Renee Gonzales, M.S.W. is the Permanency Planning Director at the Michigan Department of Health and Human Services. She has been a social worker for 17 years in the child welfare field and has held a variety of positions at MDHHS.

Thursday, July 23, 2015

At A Crossroads: The Genesee County Human Trafficking Task Force

The Genesee County Human Trafficking Task Force is at a crossroads today. It's been in existence, formally meeting as a group, for almost three years.  In that time, we've developed a five year plan with a vision, milestones and strategic priorities. We've established a dues structure. We have committees and officers, a facebook page and a number of activities in place. We meet monthly and we have quarterly educational programs open to the general public. We've had enough discussions to know what we agree on and where we still have differences of opinion.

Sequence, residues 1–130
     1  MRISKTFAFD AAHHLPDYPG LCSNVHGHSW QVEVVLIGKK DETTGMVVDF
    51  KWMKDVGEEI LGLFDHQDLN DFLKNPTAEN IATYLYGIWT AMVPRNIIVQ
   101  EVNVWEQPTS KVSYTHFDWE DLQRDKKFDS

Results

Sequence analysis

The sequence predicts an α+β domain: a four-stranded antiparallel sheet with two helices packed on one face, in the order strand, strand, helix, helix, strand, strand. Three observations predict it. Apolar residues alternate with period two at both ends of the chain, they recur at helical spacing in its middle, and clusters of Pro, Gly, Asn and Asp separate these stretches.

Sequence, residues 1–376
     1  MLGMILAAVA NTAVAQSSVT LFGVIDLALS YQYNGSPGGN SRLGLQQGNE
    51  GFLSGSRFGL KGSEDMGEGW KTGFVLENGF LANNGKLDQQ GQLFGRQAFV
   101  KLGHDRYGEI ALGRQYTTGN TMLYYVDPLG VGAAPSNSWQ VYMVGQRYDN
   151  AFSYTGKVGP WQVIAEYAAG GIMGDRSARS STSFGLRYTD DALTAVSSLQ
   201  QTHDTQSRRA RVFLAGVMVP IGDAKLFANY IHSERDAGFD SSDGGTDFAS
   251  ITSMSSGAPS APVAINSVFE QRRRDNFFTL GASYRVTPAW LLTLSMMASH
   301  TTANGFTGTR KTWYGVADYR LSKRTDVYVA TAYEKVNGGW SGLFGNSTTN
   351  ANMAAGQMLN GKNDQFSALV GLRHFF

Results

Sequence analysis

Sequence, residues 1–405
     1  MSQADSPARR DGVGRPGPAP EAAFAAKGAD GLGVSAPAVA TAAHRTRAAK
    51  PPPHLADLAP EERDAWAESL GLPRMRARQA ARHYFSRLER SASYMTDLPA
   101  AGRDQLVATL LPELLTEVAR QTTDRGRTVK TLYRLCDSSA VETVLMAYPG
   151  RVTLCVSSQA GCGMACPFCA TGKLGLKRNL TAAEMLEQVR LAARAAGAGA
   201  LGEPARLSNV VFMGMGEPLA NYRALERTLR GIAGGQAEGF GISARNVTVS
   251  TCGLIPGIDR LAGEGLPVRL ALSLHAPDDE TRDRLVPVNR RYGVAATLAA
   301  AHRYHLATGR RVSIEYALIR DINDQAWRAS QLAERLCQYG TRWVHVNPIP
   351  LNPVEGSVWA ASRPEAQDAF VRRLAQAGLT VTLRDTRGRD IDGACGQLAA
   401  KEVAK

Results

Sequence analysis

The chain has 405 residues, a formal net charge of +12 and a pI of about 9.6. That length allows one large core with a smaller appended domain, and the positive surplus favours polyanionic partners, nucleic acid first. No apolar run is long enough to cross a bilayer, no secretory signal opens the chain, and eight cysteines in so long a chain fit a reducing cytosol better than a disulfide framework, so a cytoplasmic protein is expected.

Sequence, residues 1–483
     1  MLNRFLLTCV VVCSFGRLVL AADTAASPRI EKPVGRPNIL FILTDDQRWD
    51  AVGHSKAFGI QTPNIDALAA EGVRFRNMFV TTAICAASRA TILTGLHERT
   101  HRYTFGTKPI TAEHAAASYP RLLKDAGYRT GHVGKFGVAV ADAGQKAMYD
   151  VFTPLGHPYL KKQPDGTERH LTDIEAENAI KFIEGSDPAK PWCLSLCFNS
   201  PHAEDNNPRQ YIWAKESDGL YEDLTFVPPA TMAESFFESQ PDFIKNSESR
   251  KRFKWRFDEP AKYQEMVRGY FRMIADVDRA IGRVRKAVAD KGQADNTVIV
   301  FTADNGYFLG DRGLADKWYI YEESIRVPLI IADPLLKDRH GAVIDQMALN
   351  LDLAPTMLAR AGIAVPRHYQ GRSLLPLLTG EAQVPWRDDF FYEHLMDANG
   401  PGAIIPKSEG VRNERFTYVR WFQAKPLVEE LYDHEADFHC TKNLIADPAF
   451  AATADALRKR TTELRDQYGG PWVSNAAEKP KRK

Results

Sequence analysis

But there are two main challenges right now, probably inter-related: 1) sustaining our energy level to maintain and even ramp up that work; and 2) getting resources in place for victims and for sustaining the work of the task force.

Fortunately, several individuals and/or organizations have really stepped up and moved ahead with innovative ideas. One member of the Task Force, who is also a court referee, has worked with a local judge to form a Girls Court for adolescents at high risk of trafficking. They've figured out the procedures, developed partnerships, have found some resources and are really making progress. It is the first such court in Michigan.

Another founding member of the Task Force, and a member of several statewide groups has led an amazing public awareness and community outreach committee, reaching thousands of people over the past three years. The committee brings in national, state and local speakers and has focused on key target audiences from medical professionals to schools and law enforcement.